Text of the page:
Canadian Employment Law Today

October 25, 2017

Focuses on human resources law from a business perspective, featuring news and cases from the courts, in-depth articles on legal trends and insights from top employment lawyers across Canada.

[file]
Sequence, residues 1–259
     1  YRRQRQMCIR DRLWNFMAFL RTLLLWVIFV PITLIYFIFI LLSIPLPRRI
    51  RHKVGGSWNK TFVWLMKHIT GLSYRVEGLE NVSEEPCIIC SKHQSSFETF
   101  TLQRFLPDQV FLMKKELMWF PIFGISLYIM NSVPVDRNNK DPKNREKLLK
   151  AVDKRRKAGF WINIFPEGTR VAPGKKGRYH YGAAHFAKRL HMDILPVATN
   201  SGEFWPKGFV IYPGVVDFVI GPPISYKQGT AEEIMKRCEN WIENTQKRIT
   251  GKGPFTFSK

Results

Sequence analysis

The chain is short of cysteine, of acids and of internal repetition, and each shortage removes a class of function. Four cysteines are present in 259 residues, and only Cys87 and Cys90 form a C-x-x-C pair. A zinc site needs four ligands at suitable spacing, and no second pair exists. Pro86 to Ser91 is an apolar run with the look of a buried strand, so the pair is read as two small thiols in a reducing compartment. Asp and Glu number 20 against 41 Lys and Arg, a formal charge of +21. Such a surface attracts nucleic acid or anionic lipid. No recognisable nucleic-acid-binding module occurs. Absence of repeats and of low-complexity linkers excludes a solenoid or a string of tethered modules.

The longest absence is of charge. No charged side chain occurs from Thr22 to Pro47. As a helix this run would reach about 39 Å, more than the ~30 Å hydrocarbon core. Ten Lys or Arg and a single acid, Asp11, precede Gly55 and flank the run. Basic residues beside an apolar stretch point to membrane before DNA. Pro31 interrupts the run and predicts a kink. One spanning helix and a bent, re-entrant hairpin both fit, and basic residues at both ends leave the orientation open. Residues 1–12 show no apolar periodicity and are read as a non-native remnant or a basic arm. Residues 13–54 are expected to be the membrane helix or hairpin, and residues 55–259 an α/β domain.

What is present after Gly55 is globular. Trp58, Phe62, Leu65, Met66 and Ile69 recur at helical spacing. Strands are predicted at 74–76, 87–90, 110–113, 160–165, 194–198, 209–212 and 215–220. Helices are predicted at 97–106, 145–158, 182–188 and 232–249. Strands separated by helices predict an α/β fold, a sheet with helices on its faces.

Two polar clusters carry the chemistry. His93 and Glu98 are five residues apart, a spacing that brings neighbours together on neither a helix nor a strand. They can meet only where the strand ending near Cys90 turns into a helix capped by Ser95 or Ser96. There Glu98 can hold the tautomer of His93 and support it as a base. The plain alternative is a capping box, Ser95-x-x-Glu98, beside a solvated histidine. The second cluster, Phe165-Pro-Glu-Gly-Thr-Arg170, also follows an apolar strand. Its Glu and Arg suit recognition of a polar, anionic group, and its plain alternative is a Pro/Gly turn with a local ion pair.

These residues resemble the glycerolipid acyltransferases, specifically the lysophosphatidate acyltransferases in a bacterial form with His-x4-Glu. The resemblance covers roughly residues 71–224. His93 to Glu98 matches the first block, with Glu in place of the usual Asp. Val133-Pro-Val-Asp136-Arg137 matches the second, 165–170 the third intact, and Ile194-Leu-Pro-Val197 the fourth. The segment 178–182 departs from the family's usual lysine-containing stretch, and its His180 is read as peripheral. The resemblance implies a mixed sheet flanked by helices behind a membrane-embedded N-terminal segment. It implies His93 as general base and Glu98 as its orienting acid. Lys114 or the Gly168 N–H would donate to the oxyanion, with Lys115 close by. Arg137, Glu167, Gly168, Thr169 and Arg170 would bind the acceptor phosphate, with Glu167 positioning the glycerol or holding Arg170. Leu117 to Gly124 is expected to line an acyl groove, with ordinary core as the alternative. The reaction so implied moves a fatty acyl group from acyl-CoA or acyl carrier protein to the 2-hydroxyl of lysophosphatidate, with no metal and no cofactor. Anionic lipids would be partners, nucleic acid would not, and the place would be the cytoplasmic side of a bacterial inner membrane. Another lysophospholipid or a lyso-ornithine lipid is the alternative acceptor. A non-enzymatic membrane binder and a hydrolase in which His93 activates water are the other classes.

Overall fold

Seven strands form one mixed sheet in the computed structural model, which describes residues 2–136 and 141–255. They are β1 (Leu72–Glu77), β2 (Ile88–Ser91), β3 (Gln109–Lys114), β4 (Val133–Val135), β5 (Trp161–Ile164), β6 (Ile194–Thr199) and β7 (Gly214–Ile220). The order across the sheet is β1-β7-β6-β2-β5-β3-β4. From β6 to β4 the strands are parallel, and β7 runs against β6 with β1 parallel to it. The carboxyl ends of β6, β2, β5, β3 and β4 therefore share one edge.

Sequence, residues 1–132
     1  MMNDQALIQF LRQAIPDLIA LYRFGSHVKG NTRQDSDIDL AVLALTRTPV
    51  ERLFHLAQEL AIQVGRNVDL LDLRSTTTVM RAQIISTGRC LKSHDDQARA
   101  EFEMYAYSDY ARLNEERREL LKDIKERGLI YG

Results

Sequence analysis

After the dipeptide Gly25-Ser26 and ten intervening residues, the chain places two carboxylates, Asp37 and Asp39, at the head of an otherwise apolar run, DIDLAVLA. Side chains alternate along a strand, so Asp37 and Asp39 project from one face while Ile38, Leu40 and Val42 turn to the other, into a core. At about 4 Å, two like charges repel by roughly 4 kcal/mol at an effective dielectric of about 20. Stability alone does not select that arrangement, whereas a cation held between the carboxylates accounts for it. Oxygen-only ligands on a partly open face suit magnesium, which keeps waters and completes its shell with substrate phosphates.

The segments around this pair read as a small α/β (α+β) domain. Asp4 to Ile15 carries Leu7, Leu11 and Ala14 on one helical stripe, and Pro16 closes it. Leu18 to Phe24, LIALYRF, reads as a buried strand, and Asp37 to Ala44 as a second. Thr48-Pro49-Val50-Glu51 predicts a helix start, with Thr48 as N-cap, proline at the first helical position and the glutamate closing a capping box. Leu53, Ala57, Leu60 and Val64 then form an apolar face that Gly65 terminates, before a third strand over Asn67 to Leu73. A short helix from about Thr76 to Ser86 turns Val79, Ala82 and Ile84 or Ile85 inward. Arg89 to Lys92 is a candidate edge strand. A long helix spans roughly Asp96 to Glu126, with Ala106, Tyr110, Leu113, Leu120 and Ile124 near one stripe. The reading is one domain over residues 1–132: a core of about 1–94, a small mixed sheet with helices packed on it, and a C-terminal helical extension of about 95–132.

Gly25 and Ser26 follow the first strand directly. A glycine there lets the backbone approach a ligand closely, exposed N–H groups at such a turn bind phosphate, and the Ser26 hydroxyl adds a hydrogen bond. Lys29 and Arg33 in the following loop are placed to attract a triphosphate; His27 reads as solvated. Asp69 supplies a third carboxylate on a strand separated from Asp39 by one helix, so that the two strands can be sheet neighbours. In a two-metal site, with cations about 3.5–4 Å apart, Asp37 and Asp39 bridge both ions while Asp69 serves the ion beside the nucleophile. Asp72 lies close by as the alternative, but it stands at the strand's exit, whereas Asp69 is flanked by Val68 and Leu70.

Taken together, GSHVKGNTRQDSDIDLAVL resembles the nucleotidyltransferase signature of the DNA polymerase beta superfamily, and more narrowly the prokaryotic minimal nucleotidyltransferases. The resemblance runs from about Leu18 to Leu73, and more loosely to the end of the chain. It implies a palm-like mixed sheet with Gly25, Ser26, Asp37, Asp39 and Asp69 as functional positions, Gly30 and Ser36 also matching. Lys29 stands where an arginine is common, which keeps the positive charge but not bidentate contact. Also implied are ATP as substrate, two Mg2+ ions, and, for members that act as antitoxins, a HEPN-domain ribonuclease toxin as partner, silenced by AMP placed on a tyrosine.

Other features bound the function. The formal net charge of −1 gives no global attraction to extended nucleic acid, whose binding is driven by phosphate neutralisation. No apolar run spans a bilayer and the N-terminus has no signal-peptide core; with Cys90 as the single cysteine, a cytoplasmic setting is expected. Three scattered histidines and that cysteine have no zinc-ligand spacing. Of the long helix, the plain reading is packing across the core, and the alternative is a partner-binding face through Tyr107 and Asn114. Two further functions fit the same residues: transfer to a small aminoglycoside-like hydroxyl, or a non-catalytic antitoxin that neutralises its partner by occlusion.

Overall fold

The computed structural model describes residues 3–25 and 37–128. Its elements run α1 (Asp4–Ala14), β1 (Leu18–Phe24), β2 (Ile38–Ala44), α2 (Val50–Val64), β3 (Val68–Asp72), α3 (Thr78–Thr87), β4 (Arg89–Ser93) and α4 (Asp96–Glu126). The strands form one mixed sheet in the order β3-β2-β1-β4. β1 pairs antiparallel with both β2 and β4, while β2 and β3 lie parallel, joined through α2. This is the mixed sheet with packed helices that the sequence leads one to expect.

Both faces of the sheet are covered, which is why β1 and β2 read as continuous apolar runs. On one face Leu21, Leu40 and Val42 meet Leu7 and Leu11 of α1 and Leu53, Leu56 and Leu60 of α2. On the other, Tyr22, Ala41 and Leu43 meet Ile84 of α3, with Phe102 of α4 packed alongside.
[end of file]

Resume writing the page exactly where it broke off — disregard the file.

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©2017 Thomson Reuters Canada Ltd. All rights reserved. No part of this publication may be reproduced, stored in a retrieval system, or transmitted, in any form or by any means, electronic, mechanical, photocopying, recording or otherwise, without the prior written permission of the publisher. The publisher is not engaged in rendering legal, accounting or other professional advice. If legal advice or other expert assistance is required, the services of a competent professional should be sought. The analysis contained herein represents the opinion of the authors and should in no way be construed as being either official or unofficial policy of any governmental body. We acknowledge the financial support of the Government of Canada, through the Publications Assistance Program (PAP), toward our mailing costs. GST #897176350 Published biweekly 22 times a year Subscription rate: $299 per year CUSTOMER SERVICE Tel: (416) 609-3800 (Toronto) (800) 387-5164 (outside Toronto) Fax: (416) 298-5082 (Toronto) (877) 750-9041 (outside Toronto) E-mail: customersupport. Website: Thomson Reuters Canada Ltd. One Corporate Plaza 2075 Kennedy Road, Toronto, Ontario, Canada M1T 3V4 Director, Media Solutions, Canada: Karen Lorimer Publisher/Editor in Chief: Todd Humber Editor: Jeffrey R. Smith E-mail: Sales Manager: Paul Burton Email: Phone: (416) 649-9928 Emplo y ment Law Today Canad ad a ian How would you handle this case? Read the facts and see if the judge agrees YOU MAKE THE CALL 8 YOU MAKE THE CALL Was the couple constructively dismissed? OR Did the couple leave of their own accord? IF YOU SAID the Lawrences were not con- structively dismissed and quit on their own, you're right. e court accepted that Sylvia Lawrence believed she was being treated un- fairly and was singled out by the new ware- house manager when she was given the let- ter of reprimand and resented his assertion of authority over her — as evidenced by her comment that he couldn't tell her what to do. However, that comment and her rudeness towards him constituted insubordination that warranted the reprimand, said the court. e court found that the conditions in the warehouse were "far from ideal" due to the overcrowding, but neither of the Law- rences raised concerns about unsafe or un- sanitary conditions — Ken's email was only about the crowded conditions. When Ken telephoned the company to say they had quit, he made no mention of the conditions in the warehouse. He also provided no evi- dence that anything had changed with his job and he didn't work in the warehouse, so any safety concerns wouldn't apply to him. It was more likely the decision not to return to work was the result of Sylvia's reprimand – which wasn't a justifi able reason to refuse to return to work, said the court. e court determined there was nothing that a reasonable person would conclude that the Lawrences were constructively dis- missed from their employment and it was the couple themselves who terminated the employment relationship. eir complaint was dismissed. "I was provided with no authority in sup- port of the proposition that a spouse is jus- tifi ed in treating his or her employment as constructively terminated as a result of the employer's treatment of the other spouse," the court said. For more information see: • Lawrence v. Norwood Industries Inc., 2016 CarswellOnt 14939 (Ont. S.C.J.). Wife doesn't like schedule change, reprimand; husband walks out with her THIS INSTALMENT of You Make the Call features a husband and wife who claimed their common employer forced them out of their jobs. Ken and Sylvia Lawrence, 56 and 63, re- spectively, both worked for Norwood In- dustries, a company that sells unassembled portable sawmills in Oro-Medonte, Ont. Ken Lawrence was hired in April 1996 and worked in the company's offi ce and Sylvia Lawrence was hired in August 1996 to work in the warehouse. Norwood hired a new warehouse manag- er in early 2012 to help address overcrowded conditions in the warehouse. Ken Lawrence sent an email in March to the senior offi cer over his concern that there was inadequate warehouse space. In April, Norwood decided to move the start time for warehouse employees from 8:30 a.m. to 7 a.m. Sylvia Lawrence wasn't happy about this and told the new ware- house manager that she wouldn't start work earlier than 8:30 a.m. She arrived late for work on May 24 and told the manager that if she came in any earlier she would become ill. e warehouse manager advised Nor- wood's senior offi cer about Sylvia's state- ments and that she had acted rudely to him. e same day, the manager instructed a lead hand to tell Sylvia that her attitude had to change. Sylvia didn't think she had an at- titude problem and said she had been em- ployed with Norwood for "far longer than (the warehouse manager) and he could not tell her what to do." Later that day, the warehouse manager and lead hand met with Sylvia in the parking lot and gave her papers about parts missing from a shipment and a letter of reprimand for insubordination for her to sign, along with a memo regarding any medical concerns over coming to work earlier. Sylvia became upset and said she wouldn't sign anything without reading it and taking time to think about it. Ken Lawrence overheard part of the conver- sation and also was upset. e Lawrences discussed what had oc- curred and the work environment as a whole. ey decided they couldn't continue to work at Norwood. e next Monday, May 28, Ken tele- phoned Norwood and spoke to the accoun- tant/bookkeeper who was responsible for payroll and some HR functions. He said that he and his wife would not be returning to work and when the accountant asked why, Ken responded that it was none of her busi- ness and ended the conversation. e Lawrences fi led an action against Norwood claiming they were construc- tively dismissed based on conditions in the workplace and Ken's complaint about how crowded it was. ey both claimd the ware- house was unsafe and unsanitary in addition to the crowded conditions.